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Jeff Sigler | June 22, 2018

Read: Pride is personal: a Navy veteran’s perspective

PRIDE is personal. A simple definition of pride is “a reasonable or justifiable self-respect”. So… if pride is so personal, why is every June specified (officially or unofficially) as LGBTQ Pride Month?!

The answer is simple…. Until our culture provides the environment for every human being to live their truth and develop self-respect for their innate being, communities will feel the need to unite to create that safe space, for a month, or just a day.

As attitudes evolve in the American culture, many more LGBTQ men and women are fortunate to have nurturing families, affirming friendships and supportive work environments. For these lucky people, their community may provide all the care and resources necessary for them to develop a healthy level of self-respect and dignity. It’s a basic human right.

Yet, there are still many communities that are not safe for gay, lesbian, bisexual or transgender individuals. In a country where the “gay panic defense” is still an allowable defense for murder in some jurisdictions, where more than two dozen transgender people have been murdered in the past year, and where our government recently attempted to ban transgender troops from continuing to serve in the military…. No, these are not yet safe times for the LGBTQ community.

When I left the Navy in 1992 after 11 ½ years of honorable service, I made a promise to myself: to be the same person, all the time, everywhere. It’s what I wish for anyone today, to have self-respect and pride in their natural born self.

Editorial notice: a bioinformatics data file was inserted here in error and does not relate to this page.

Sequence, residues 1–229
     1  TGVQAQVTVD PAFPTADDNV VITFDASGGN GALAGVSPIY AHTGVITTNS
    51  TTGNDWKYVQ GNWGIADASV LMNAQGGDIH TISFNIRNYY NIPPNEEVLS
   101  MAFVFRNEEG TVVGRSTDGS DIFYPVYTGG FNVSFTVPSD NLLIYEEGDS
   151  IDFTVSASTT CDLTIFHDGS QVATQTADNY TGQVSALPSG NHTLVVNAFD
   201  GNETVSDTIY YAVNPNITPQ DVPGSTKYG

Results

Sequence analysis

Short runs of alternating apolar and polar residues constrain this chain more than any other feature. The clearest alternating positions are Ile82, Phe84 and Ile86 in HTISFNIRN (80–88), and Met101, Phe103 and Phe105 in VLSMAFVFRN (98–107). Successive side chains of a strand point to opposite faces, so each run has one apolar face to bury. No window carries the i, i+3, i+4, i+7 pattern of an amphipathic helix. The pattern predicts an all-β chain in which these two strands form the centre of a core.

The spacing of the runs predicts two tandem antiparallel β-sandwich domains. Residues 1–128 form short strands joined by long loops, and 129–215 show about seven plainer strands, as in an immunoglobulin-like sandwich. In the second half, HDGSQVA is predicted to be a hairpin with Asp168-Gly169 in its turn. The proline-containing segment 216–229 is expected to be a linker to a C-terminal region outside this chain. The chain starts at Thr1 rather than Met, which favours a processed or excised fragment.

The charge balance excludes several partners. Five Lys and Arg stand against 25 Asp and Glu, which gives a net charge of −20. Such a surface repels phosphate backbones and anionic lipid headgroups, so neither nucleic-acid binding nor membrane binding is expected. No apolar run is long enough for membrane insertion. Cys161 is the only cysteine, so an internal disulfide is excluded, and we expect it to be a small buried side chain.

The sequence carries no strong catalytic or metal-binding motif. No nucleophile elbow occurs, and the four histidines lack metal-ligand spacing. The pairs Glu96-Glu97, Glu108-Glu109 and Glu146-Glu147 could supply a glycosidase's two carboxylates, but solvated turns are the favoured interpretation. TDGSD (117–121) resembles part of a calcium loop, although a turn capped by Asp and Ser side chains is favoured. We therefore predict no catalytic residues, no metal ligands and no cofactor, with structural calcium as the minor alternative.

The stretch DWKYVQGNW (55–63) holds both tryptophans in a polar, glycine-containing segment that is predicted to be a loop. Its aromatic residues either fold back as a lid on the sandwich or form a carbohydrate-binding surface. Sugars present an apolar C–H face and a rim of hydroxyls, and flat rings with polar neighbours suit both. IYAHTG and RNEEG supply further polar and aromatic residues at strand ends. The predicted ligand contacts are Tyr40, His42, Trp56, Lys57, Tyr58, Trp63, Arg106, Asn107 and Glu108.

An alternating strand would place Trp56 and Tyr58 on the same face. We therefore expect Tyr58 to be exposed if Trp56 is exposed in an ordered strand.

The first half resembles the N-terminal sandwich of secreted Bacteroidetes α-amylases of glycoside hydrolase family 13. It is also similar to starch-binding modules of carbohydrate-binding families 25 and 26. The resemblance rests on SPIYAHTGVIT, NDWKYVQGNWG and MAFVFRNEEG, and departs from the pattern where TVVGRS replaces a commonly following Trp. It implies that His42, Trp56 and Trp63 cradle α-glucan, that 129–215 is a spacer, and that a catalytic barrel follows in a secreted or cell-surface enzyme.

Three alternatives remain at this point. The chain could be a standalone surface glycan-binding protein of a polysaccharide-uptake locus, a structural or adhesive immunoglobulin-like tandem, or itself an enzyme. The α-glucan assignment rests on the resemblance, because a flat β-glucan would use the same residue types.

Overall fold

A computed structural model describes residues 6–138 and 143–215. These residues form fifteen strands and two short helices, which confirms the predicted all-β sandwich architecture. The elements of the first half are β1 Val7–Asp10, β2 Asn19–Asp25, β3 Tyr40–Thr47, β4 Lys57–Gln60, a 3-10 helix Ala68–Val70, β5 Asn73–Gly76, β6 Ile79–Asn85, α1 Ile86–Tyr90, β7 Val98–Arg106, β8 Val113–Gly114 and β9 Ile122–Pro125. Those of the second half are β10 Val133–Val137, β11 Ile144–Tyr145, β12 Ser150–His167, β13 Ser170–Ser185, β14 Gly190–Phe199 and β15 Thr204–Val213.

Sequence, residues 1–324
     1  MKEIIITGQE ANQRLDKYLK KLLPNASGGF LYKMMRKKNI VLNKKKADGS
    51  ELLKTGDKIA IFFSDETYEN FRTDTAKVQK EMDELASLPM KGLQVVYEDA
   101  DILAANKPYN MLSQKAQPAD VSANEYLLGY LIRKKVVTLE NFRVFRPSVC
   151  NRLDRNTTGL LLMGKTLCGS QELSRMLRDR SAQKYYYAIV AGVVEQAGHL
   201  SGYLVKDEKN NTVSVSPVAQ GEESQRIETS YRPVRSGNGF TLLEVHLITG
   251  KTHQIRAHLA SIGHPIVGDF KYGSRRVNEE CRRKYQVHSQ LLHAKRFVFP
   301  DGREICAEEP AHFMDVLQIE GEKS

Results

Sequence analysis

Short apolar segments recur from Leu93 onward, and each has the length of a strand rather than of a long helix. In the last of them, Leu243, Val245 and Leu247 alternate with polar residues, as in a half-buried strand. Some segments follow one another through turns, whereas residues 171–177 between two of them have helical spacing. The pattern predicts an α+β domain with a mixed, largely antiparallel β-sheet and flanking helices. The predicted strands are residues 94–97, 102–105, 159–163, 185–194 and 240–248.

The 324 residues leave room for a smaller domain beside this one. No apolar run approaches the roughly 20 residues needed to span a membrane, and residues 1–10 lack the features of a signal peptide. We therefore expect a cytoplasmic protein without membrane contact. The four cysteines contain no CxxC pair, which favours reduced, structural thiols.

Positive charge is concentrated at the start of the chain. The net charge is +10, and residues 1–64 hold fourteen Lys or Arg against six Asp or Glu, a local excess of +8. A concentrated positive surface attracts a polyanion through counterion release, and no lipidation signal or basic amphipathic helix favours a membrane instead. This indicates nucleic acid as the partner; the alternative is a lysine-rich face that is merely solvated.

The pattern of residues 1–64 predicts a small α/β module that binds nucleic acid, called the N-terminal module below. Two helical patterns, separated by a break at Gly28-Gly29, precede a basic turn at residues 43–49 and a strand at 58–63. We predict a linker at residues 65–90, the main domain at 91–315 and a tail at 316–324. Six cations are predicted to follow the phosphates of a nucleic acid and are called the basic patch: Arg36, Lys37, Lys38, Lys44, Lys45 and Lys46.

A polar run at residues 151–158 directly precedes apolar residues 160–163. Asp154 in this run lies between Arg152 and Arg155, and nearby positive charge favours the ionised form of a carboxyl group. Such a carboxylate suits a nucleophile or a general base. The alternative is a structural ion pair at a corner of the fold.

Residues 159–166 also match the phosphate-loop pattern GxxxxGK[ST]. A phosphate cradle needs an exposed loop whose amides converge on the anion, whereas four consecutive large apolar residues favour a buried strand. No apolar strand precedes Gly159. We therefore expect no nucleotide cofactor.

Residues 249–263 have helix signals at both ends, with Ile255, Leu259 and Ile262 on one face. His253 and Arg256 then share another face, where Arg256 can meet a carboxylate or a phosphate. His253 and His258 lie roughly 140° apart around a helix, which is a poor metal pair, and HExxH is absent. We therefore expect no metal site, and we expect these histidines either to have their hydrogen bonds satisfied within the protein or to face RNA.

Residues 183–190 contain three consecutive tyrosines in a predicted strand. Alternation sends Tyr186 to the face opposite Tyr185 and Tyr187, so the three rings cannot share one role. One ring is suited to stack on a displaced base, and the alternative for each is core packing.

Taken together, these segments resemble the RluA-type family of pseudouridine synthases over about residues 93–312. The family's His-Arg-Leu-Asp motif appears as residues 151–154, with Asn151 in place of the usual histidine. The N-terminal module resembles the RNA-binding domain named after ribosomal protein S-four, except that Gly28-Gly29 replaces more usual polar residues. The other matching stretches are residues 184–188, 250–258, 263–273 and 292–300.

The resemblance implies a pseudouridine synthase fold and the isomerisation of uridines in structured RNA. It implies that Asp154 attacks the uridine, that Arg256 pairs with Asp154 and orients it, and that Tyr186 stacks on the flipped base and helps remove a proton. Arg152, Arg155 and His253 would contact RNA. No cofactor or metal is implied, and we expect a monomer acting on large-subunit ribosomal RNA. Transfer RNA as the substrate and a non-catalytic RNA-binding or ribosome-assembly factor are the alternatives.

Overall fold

My choice to join the Navy in 1981 was borne out of patriotism and idealism. As a naïve 18-year-old boy at the U.S. Naval Academy, it was difficult to pursue my dream of a career in Naval Aviation while coming to terms with my emerging sexual orientation. The Navy at that time wasn’t an environment that allowed me to be openly… me. So, like many people then (and still today), I learned to compartmentalize my life, being what others wanted me to be rather than just being… me.

As a gay man, leading a double life took its toll on my family and professional relationships, and I thankfully found the dignity to live my innate truth in spite of the pervasive negativity in our culture.

I am fortunate to now have the love of family and the support of dear friends. At IAVA, I enjoy a diverse work environment with an employer that has affirmed my individuality from day one. From these support networks, I derive a joy of being… and yes, PRIDE. For this, I am grateful.

For all of us who have ever known the feeling of being different or feeling like an outcast, Pride Day lets us know we have a community that will nurture our individuality, the support and resources to guide our path to self-respect, and a network of allies in the fight against injustice.

Whether you choose to celebrate Pride Day or not, it exists for a purpose: for all people to have a day, a place, a means to have pride in themselves… if they need it. My idealistic self hopes that one day nobody will need it, that all lives will be filled with affirmation, and all people will be free to live openly with dignity.

But our culture is not there yet, and the world has a long way to go. Until then, Happy Pride! Celebrate if you want, or don’t. Pride is personal.

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